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RPT-Asia Rice-Drought threatens Thai crop, Bangladesh braces for cold wave

(Repeats Thursday’s story with no changes to the text)

* Thailand’s drought could extend into June- authorities

* Vietnam rice rates dip to $355/oz

* India prices steady, demand from African countries weak

BENGALURU, Jan 9 (Reuters) - Rice export prices in major Asian hubs held steady this week but a multi-month drought drove expectations of a rise in Thai rates, while a cold snap threatened crops in Bangladesh.

Thailand's benchmark 5 percent broken rice RI-THBKN5-P1 prices were quoted at $425-$435 on Thursday, largely unchanged from two weeks earlier, but was still the highest level since June 2018.

Although demand was flat, prices for the Thai grade, which were consistently trading higher than the Vietnamese variety throughout 2019, remained high well into 2020 due to the drought threatening supply and the continuous appreciation of the baht, traders said.

Thailand’s dry season started in November and usually lasts through April, although authorities said it could go on through June this year. A drought has been declared in 14 provinces in the central, northern and northeastern farming regions.

In top producer India, rice export prices remained steady due to weak demand from African countries.

Prices of the 5 percent broken parboiled variety RI-INBKN5-P1 were unchanged from last week, around $362-$366 per tonne.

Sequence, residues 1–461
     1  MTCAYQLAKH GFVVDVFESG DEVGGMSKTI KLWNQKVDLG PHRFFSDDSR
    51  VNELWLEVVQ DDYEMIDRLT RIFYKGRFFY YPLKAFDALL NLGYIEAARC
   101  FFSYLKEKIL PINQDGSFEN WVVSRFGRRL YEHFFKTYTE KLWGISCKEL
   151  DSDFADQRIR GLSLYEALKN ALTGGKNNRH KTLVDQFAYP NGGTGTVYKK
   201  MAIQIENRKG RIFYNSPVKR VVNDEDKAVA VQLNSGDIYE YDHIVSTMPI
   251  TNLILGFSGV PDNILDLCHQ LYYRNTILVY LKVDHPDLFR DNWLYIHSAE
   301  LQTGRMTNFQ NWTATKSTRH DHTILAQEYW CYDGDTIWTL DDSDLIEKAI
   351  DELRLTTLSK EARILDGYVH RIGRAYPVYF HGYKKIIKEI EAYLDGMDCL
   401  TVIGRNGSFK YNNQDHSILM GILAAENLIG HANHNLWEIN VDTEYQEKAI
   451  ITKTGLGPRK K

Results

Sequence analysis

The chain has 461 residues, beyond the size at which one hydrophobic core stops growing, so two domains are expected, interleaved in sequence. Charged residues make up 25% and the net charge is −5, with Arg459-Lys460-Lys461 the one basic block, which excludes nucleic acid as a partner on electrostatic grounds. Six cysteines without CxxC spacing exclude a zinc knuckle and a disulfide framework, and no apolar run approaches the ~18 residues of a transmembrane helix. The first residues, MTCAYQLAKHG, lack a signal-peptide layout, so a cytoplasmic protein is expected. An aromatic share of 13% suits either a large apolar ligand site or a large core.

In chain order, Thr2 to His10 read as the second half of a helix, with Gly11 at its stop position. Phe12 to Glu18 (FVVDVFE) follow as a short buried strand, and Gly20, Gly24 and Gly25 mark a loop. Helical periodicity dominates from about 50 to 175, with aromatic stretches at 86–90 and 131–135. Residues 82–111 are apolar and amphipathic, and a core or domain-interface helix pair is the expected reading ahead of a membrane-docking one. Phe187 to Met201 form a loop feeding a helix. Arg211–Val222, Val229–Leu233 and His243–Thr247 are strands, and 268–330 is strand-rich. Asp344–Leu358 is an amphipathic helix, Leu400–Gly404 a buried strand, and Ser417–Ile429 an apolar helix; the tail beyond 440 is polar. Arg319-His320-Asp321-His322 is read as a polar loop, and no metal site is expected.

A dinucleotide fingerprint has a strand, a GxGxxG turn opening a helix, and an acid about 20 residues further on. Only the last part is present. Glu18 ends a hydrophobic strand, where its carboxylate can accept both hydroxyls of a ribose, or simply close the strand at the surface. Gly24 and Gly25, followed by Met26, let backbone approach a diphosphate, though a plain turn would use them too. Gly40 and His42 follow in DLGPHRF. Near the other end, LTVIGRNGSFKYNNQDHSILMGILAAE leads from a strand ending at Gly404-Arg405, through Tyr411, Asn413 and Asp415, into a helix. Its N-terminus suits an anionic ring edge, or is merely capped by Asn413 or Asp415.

“Exports demand is subdued. Supplies are rising from the summer-sown crop,” said an exporter based in Kakinada in the southern state of Andhra Pradesh.

Neighbouring Bangladesh braced for a cold wave, which could have an impact on crops, including rice, said Mizanur Rahman, a senior official at the agricultural ministry.

“The seedbeds of rice have dried out due to extreme cold,” Rahman said, adding a prolonged cold spell would have devastating effects on the crop.

The weather office said the cold snap, accompanied by chilly winds and drizzling, was likely to continue for a few more days.

In Vietnam, rates for 5% broken rice RI-VNBKN5-P1 eased to $355 a tonne on Thursday, from $360 a week earlier.

“Demand remains weak this week and trade has been very slow,” a trader based in Ho Chi Minh City said.

Preliminary shipping data showed 138,650 tonnes of rice is to be loaded at Ho Chi Minh City port between Jan. 1 and Jan. 23, with most of the grain bound for Iraq and West Africa.

The Ministry of Industry and Trade this week added 47 companies to a list of eligible rice exporters, raising the number of licensed Vietnamese exporters to 182, a government statement said.

The move is aimed at “facilitating rice exports, promoting rice production in a sustainable manner and enhancing the competitiveness of Vietnamese rice,” the statement added. (Reporting by Rajendra Jadhav in Mumbai, Ruma Paul in Dhaka, Khanh Vu in Hanoi and Patpicha Tanakasempipat in Bangkok; Editing by Maju Samuel)